The U.S. Coast Guard is investigating why a 65-foot excursion boat, with 139 people aboard, ran aground in Maine’s Boothbay Harbor.
|Argo ran aground in Boothbay Harbor on June 22. Fog limited visibility to about 200 yards at the time. The excursion boat was able to free itself without assistance. (Courtesy U.S. Coast Guard)|
Argo, carrying 136 passengers and three crewmembers, grounded in foggy conditions near Spruce Point on June 22. The vessel was on its way to a clambake on nearby Cabbage Island.
At the time of the grounding, seas were calm with winds around 10 mph. Visibility was 200 yards. The Coast Guard said all of the vessel’s electronic navigation equipment, which included radar, was working properly at the time of the grounding.
The tide was going out, but low tide was still a few hours away. Argo‘s draft is 8 feet.
The vessel refloated without assistance and returned to port for inspection. No damage was found and there were no injuries or pollution associated with the grounding.
According to the Coast Guard, the incident occurred at about 1200 near the Spruce Point Buoy No. 2. Coast Guard Station Boothbay Harbor received a radio call from Argo reporting that it had run aground. The Coast Guard responded with a 25-foot boat and a 47-foot boat. The boats stood by as the vessel refloated on the rising tide.
Argo then proceeded to the Cabbage Island clambake, escorted by the Maine Marine Patrol. The Coast Guard said a diver inspected the hull for damage at the Cabbage Island dock. The vessel had grounded on its steel keel shoe and no damage was found.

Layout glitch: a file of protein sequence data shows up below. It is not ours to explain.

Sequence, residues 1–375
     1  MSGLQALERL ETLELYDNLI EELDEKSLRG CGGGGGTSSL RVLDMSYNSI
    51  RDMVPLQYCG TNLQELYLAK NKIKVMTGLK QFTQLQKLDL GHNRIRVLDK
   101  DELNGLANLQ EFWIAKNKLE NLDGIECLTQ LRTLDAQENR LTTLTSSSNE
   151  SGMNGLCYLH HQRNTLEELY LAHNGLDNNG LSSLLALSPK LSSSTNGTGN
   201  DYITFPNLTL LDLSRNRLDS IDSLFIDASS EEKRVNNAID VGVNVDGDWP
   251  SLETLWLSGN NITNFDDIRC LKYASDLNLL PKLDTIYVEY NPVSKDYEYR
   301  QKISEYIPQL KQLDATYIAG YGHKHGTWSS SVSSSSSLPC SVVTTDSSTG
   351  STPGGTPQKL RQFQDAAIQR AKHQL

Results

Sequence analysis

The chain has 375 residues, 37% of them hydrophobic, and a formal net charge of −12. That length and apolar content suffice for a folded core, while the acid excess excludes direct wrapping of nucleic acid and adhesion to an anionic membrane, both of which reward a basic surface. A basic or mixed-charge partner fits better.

Argo and its passengers then returned to the Fisherman’s Wharf in Boothbay Harbor, where the vessel was inspected by investigators from the Coast Guard’s Marine Safety Office in South Portland. The inspection concurred with the earlier inspection at the Cabbage Island dock and the vessel was deemed safe and returned to service.
The Coast Guard’s Aids to Navigation Unit verified the position of the buoys in the area, Spruce Point Buoy No. 1 and Spruce Point Buoy No. 2, and determined that “they are on station and watching properly.â€¢bCrLf
Argo, built in 1944, is owned by Cabbage Island Clambakes of Boothbay Harbor. Neither the captain nor company officials would comment on the grounding.
The cause of the grounding is still under investigation.